The triumphal entry of Christ reminds me of March madness in the sense that the unthinkable occurred. This man, who came as the Savior of the world, showed up not as a warrior, as some had hoped for. He did not show up as a King, as the Jews had wished. He showed up, but in a totally different way than anyone ever thought or had believed He would. In some people’s minds, Christ was a sixteenth seed who did not have a chance to win, but He did and that is the beauty of this story. He showed up! He gave Himself! And by the way, He won the tournament!

The steps taken by Jesus were somewhat strange, but it was all in the design of God and a part of His plan. Jesus asked the disciples to go into the town and get a donkey for Him. He told them where they would find it and what they would say when they found it. The disciples obeyed and found the donkey tied up and as instructed they asked the owner to loan it to them, which he did.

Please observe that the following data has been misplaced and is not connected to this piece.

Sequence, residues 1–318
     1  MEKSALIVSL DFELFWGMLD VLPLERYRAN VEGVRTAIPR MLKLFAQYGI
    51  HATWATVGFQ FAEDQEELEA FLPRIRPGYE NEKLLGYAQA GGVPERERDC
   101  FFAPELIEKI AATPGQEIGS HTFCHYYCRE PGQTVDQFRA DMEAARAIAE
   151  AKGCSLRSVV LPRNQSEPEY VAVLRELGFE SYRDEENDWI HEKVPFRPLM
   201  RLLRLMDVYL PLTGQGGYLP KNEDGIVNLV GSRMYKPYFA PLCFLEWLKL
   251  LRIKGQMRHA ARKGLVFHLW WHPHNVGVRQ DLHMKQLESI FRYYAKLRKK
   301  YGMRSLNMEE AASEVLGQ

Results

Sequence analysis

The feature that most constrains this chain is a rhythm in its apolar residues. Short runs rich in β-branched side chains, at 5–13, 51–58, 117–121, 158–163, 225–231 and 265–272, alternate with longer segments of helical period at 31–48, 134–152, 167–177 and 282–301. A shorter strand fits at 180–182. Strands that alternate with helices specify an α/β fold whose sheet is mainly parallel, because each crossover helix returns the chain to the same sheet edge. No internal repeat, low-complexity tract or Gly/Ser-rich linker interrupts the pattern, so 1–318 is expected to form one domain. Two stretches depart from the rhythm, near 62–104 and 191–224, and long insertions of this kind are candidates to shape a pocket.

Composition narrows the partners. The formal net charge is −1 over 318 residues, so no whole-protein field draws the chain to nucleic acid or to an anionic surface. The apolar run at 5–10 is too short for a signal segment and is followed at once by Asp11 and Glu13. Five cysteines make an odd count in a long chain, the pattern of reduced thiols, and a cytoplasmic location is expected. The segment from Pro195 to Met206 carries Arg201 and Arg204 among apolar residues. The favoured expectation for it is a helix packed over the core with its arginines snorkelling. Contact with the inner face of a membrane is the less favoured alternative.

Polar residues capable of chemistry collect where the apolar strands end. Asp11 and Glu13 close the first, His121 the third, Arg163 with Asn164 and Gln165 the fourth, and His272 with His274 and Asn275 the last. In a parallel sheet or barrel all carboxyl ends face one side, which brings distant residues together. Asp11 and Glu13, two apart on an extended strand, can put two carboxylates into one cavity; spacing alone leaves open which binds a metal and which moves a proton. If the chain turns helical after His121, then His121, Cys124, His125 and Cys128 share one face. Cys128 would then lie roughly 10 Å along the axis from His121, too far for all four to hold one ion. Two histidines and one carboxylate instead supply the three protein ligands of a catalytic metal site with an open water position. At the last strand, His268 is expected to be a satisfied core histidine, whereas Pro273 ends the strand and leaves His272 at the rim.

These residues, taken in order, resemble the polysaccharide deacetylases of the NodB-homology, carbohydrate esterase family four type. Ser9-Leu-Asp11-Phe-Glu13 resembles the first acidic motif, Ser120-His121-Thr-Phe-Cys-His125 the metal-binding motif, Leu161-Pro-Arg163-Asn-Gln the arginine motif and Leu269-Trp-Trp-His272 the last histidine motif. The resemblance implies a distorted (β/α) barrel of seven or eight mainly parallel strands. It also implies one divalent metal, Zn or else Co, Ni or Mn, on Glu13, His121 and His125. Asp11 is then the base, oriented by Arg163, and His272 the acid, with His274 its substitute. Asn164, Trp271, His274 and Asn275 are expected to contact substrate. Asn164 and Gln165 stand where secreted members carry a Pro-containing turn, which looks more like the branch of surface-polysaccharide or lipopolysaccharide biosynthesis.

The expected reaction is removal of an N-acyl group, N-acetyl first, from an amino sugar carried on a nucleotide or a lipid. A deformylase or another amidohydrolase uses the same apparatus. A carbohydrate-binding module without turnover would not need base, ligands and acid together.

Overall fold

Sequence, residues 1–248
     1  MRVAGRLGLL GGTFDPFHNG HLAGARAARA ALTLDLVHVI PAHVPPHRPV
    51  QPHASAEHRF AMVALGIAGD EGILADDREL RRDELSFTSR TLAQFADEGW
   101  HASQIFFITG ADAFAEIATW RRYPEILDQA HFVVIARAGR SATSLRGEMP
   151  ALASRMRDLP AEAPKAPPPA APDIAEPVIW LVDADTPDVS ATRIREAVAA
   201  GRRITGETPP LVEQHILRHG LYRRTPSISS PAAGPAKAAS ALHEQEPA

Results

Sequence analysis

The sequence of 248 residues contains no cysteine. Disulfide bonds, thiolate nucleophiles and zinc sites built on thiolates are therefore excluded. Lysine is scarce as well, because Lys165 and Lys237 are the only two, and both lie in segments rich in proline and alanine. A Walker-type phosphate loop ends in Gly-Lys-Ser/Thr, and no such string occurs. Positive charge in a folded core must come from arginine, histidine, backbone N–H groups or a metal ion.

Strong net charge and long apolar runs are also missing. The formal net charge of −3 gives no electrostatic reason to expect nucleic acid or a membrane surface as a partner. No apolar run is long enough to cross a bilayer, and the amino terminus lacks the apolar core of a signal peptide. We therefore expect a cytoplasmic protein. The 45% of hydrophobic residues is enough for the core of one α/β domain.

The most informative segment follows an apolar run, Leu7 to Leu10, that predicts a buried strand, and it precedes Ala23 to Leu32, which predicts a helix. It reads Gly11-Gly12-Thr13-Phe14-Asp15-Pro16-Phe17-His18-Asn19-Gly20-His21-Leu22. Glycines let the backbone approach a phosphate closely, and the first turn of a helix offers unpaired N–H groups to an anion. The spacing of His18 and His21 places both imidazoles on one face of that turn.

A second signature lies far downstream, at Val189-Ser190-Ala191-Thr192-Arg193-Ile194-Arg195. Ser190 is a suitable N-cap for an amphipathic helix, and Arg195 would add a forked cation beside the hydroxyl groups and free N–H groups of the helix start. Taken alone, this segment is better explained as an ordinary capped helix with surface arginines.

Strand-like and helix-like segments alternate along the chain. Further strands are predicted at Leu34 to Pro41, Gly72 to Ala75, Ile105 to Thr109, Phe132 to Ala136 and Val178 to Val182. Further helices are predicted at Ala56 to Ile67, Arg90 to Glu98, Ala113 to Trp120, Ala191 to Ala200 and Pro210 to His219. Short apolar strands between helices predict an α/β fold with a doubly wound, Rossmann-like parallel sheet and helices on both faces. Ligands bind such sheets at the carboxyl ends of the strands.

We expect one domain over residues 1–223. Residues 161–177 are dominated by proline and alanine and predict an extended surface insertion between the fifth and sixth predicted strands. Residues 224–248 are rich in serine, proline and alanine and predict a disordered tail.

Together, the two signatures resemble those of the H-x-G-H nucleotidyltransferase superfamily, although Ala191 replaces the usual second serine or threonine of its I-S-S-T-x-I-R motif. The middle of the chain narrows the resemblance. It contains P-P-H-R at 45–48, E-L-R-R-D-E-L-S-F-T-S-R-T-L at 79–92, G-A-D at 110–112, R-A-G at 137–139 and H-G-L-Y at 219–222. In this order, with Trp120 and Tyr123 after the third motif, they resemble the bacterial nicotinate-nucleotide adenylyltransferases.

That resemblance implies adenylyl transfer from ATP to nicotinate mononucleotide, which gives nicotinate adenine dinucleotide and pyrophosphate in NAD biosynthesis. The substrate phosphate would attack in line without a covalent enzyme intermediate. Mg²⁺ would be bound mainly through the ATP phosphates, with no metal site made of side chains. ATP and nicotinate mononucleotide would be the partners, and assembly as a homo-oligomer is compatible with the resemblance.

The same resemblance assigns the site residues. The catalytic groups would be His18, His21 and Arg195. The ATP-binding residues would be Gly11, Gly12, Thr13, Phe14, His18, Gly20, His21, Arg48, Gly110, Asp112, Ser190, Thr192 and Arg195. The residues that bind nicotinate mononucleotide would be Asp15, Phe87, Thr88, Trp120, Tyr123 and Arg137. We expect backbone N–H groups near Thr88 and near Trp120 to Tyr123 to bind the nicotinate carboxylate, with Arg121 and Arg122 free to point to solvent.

For some, this seemed to be strange, but as Jesus did so often, He wanted to communicate the truth of the Gospel in a purposeful way and in a way we would never forget. He was specific in His choice of a donkey rather than a white steed. He chose not only a donkey, but this was a fold of a donkey, so in essence, He rode an untrained, unbroken donkey baby. It symbolized two things: humility and peace. The very act of riding the donkey was amazing as you cannot ride an animal before it is broken. This is especially true of a baby donkey that is to be ridden through a yelling crowd! Humanly speaking, no rider could do this, but Jesus showed up and in the midst of all of this, an unbroken young animal remains totally calm under the hands of the Messiah who controls nature, and stills the storm.